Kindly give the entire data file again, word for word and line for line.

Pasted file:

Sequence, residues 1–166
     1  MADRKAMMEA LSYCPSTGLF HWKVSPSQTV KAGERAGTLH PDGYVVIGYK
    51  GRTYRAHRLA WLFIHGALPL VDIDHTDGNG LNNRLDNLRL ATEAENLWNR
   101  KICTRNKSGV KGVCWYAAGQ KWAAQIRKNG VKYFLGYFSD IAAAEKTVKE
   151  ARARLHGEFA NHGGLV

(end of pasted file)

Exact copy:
Sequence, residues 1–166
     1  MADRKAMMEA LSYCPSTGLF HWKVSPSQTV KAGERAGTLH PDGYVVIGYK
    51  GRTYRAHRLA WLFIHGALPL VDIDHTDGNG LNNRLDNLRL ATEAENLWNR
   101  KICTRNKSGV KGVCWYAAGQ KWAAQIRKNG VKYFLGYFSD IAAAEKTVKE
   151  ARARLHGEFA NHGGLV